Lecture 20: Endocrine Principals Flashcards Preview

Human Physiology 2 - Unit 3 - Zach H. > Lecture 20: Endocrine Principals > Flashcards

Flashcards in Lecture 20: Endocrine Principals Deck (60):
1

Why is negative feedback important for hormone systems?

Negative feedback prevents over-activity of hormone systems.

**controlled variable is sometimes not the secretory rate of the hormone itself but the degree of activity of the target tissue**

2

List the different levels in which feedback loop regulation controls hormones.

> gene transcription
> gene translation
> processing of hormones
> releasing of steroid hormones

3

Give an example of a positive feedback mechanism of hormone control.

LH surge prior to ovulation.

> prior to ovulation, estrogen stimulates the surge of LH.
> LH acts on ovaries to secrete more estrogen.
> secreted estrogen stimulates the release of more LH.

4

List periodic variations in hormone release that are superimposed on the negative and positive feedback mechanisms.

> seasonal changes (more common in other animals, not as much in humans)

> various stages in development and aging (effects humans more)

5

Where are receptors typically found?

> in or on the surface of cell membrane
> in the cell cytoplasm
> in the cell nucleus

6

Define "down regulation" of hormone receptors.

Number of active receptors may decrease because of increased hormone concentration and increased binding to receptors.

7

Under what conditions may down regulation of hormone receptors occur?

> Inactivation of some of the intracellular protein signaling molecules.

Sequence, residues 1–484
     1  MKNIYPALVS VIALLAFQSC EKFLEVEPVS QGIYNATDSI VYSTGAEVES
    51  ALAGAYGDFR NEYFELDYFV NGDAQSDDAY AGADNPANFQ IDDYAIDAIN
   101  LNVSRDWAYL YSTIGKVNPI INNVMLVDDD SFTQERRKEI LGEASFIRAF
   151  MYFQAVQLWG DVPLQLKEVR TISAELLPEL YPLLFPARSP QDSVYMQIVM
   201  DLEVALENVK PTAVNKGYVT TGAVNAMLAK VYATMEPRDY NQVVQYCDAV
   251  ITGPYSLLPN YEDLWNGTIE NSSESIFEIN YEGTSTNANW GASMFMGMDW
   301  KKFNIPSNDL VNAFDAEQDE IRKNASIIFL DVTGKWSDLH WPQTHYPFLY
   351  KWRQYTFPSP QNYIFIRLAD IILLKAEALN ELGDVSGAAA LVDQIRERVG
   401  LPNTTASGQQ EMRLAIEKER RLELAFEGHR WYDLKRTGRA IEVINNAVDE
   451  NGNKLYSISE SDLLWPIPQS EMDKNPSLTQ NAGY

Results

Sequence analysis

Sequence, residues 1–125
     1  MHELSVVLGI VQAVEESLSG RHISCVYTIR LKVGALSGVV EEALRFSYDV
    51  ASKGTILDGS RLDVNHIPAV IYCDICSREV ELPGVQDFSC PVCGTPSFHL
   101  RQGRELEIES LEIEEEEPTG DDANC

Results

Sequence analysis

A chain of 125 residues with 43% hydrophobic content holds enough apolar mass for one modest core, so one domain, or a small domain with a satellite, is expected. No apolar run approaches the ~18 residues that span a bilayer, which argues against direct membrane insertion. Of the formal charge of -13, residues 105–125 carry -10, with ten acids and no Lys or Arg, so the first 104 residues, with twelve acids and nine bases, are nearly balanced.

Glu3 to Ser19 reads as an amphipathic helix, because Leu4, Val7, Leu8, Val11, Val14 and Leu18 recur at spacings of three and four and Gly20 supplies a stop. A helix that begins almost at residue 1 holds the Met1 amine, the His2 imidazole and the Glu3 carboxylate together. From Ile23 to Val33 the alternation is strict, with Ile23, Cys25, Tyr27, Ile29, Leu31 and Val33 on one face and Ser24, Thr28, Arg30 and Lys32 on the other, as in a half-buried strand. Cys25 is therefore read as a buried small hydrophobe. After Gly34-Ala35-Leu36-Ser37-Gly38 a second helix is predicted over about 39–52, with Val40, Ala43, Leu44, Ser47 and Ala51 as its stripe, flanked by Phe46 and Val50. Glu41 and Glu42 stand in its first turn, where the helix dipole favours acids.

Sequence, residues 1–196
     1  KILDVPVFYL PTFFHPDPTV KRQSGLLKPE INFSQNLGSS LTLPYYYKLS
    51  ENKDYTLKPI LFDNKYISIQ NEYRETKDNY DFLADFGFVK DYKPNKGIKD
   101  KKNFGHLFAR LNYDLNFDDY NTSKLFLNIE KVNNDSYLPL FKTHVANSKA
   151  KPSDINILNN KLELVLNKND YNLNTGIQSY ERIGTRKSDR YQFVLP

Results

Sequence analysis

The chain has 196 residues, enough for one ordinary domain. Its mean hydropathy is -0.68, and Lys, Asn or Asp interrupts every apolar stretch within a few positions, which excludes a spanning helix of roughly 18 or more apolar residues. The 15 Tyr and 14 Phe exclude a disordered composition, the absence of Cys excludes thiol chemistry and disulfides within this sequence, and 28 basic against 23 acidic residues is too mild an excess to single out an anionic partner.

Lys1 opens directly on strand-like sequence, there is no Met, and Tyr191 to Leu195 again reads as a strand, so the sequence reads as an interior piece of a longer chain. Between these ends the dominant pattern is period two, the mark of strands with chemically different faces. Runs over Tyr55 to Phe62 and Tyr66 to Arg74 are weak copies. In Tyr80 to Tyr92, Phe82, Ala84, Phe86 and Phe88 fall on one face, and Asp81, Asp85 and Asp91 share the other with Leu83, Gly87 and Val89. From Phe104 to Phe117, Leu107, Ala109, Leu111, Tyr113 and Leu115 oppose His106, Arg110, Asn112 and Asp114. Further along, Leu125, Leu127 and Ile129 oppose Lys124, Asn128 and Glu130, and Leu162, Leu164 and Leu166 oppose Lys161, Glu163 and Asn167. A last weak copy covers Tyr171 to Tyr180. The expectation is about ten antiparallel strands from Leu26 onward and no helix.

> Temporary sequestration of the receptor inside the cell.

> Inactivation of some of the receptor molecules.

> Destruction of the receptors by lysosomes after they are internalized.

> Decreased production of receptors.

8

What is the effect of down regulation of hormone receptors?

Down regulation decreases the target tissue's responsiveness to the hormones.

9

Define "up regulation" of hormone receptors.

Number of active receptors or intracellular signaling molecules may increase.

10

Under what conditions may up regulation of hormone receptors occur?

> The stimulating hormone may induce greater than normal formation of receptor or intracellular signaling molecules.

> The stimulating hormone may induce greater availability of the receptor for interaction with the hormone.

11

What is the effect of up regulation of hormone receptors?

Up regulation increases the target tissue's responsiveness to the hormones.

12

What are the two types of receptors we are covering?

> Ion-channel-linked receptors
> G protein-linked hormone receptors
> Enzyme-linked hormone receptors
> Intracellular hormone receptor

13

What type of signaling molecule primarily uses ion-channel-linked receptors?

Neurotransmitters

14

What are the characteristics of ion-channel-linked receptors?

used primarily by neurotransmitters

*not talking too much about*

15

What are the characteristics of G protein-linked hormone receptors?

> Couple with groups of cell membrane proteins called heterotrimeric GTP-binding proteins.

> All of these receptors have 7 transmembrane segments.

> Some G proteins are inhibitory (Gi) and some are stimulatory (Gs).

16

What are the characteristics of enzyme-linked hormone receptors?

> single-pass trasmembrane receptors
> receptor part is extracellular
> intracellular enzyme:
- may be part of the receptor
- may be separate from the receptor
> example is the leptin receptor (JAK-STAT) transduction pathway:
- requires tyrosine kinase (JAK family)
- activates transducer proteins (STAT)

17

What are the characteristics of intracellular hormone receptors?

> Intracellular receptors for lipid soluble hormones.
- adrenal and steroidal hormones
- thyroid hormones
- retinoid hormones
- vitamin D

> Activated hormone-receptor complex binds to promoter sequence of DNA:
- hormone response element

18

What are the 3 classes of hormones?

> Polypeptide and Protein Hormones
> Steroids
> Amine Hormones

19

What are the characteristics of polypeptide and protein hormones?

- polypeptide 100 amino acids

- stored in secretory vesicles until needed